Anyone who attended the roundtable plenary session "New Directions in the Future of Healthcare Design--The Experts Speak Out" at this year's HEALTHCARE DESIGN.11 conference surely remembers the show-stopping moment when Kim E. Shinn, PE, LEED AP BD+C, CxA, Senior Sustainability Consultant, TLC Engineering, unleashed his impassioned 10+ minute monologue on sustainability. It was an inspired and inspiring moment that got to the true heart of what sustainability really means, divorced from all the buzz of "green" this and "environmentally friendly" that, a memorable set of thoughts in a discussion full of them. The round of applause that followed told you all you needed to know about how the HCD crowd felt about the topic, as well.

The real food for thought for me, however, came after the clapping died down. One of the other panelists, Debajyoti Pati, PhD, MASA, FIIA, LEED AP, Rockwell Endowment Professor at Texas Tech University, bravely followed Shinn's speech with a comment of his own. To paraphrase Dr. Pati, one can make any building as sustainable and green and environmentally friendly and LEED Platinum and the like, but if the building is not beautiful, none of that will matter; it will just be torn down eventually.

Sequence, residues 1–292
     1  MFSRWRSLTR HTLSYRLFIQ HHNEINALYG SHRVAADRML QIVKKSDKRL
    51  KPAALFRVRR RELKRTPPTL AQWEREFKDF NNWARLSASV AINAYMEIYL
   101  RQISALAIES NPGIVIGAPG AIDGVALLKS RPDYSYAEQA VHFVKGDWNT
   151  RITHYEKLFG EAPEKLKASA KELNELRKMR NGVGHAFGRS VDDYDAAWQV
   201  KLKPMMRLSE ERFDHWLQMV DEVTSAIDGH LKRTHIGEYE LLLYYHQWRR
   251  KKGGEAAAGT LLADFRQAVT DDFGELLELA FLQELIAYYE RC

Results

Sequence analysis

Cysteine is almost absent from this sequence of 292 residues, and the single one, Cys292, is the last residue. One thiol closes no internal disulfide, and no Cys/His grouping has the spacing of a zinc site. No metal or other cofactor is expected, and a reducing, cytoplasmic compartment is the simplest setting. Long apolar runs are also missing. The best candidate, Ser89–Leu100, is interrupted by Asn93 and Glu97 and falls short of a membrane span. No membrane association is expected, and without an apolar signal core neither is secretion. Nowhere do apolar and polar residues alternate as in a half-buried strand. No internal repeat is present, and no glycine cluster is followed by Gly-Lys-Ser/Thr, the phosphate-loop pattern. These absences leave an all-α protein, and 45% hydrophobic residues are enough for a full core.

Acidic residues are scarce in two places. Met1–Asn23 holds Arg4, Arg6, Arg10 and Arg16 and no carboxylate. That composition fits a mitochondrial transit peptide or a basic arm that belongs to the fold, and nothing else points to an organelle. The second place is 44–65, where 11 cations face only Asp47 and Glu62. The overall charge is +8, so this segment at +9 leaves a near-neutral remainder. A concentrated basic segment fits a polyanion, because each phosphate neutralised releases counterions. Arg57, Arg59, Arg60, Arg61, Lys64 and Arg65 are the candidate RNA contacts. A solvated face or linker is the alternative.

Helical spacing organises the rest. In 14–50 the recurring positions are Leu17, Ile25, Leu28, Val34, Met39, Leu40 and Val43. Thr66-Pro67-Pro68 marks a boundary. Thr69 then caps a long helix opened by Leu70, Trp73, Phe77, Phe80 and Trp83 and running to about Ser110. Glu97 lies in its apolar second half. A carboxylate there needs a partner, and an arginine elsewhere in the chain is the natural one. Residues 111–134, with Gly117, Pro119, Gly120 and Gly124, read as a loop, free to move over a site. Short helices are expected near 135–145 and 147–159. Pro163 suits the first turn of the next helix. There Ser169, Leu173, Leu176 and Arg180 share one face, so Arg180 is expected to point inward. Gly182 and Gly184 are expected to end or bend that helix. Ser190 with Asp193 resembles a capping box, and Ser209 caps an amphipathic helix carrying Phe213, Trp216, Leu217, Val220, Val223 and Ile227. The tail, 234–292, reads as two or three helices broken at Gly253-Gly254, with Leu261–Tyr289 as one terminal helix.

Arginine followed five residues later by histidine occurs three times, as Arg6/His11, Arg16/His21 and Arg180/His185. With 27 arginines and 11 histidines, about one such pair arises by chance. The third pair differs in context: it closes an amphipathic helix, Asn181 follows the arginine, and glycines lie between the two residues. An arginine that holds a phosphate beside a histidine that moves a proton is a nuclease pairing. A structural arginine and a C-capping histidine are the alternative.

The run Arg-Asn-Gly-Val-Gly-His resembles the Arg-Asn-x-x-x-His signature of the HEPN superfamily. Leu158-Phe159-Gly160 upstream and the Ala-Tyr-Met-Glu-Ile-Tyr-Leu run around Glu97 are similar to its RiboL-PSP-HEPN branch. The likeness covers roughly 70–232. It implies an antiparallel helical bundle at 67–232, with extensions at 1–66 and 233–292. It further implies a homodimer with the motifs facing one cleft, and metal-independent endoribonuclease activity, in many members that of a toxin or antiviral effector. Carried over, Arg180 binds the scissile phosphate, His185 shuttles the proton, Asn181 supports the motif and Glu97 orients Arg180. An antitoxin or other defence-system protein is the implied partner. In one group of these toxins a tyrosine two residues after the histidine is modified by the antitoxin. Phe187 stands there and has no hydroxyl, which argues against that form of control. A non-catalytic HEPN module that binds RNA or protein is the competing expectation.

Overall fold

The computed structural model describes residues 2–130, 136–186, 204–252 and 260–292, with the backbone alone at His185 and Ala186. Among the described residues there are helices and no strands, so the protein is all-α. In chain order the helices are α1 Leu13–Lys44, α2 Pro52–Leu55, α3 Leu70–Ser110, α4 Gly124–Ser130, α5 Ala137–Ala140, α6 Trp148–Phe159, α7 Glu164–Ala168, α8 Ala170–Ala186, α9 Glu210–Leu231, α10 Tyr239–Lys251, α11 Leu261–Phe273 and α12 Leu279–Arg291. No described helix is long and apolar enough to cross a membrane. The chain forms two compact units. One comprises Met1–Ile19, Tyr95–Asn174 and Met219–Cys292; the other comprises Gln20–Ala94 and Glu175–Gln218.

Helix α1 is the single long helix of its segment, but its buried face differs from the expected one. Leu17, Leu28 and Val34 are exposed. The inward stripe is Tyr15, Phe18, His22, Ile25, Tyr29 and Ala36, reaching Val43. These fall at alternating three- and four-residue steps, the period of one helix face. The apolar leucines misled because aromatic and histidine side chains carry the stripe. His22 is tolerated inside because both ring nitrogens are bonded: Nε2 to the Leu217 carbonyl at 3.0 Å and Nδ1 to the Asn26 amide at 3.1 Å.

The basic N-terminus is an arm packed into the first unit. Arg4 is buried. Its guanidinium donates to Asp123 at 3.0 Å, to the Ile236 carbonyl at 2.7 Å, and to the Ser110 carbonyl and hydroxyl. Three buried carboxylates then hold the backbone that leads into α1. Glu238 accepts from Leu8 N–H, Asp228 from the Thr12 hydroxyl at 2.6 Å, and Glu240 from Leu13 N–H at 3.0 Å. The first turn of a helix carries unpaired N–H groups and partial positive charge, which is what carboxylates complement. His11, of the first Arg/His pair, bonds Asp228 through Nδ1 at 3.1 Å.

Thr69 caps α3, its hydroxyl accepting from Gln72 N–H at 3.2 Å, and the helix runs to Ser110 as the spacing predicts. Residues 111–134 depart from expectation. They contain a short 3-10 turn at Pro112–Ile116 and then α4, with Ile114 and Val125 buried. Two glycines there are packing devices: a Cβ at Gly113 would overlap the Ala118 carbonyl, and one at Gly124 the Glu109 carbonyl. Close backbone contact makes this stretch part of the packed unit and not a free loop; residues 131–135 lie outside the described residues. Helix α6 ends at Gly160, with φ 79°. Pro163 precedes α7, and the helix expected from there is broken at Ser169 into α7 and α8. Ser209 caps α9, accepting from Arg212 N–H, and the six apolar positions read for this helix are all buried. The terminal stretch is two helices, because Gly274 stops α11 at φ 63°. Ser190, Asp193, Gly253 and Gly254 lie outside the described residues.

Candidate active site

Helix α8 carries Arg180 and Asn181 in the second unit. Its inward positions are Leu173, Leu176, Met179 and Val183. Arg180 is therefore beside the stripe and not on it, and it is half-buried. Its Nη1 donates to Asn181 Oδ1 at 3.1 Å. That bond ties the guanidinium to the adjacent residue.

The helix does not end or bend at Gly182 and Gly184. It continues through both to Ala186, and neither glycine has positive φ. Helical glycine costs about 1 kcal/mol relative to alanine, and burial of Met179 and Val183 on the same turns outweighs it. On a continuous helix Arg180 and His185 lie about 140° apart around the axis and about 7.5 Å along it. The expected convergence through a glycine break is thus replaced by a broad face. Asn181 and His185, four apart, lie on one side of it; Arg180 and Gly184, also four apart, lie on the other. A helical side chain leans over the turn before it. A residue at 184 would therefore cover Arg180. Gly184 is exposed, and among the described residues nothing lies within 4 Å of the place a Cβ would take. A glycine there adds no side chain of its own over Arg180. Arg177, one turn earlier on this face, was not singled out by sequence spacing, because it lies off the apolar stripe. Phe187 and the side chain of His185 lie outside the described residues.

The panel and crowd nodded in agreement, but I was struck that Dr. Pati had uncovered the aspect of sustainable design that is seldom discussed or even acknowledged. It speaks to our culture, our tastes, and our sense of aesthteics as a society that even the most wonderfully designed facilities cannot and will not survive if at some point down the road, someone perceives the building as "ugly." Is this the generally shallow nature of mankind showing through? Or merely an under-admitted truth?

I suspect the real answer is a little of both. In any case, it provided not so much a wake-up call for me that morning, but more a timely reminder that at the end of the day, the timeless beauty of classic buildings around the world is what defines architecture, and on another level, society itself. The ugly buildings have been long since relegated to the scrap heap.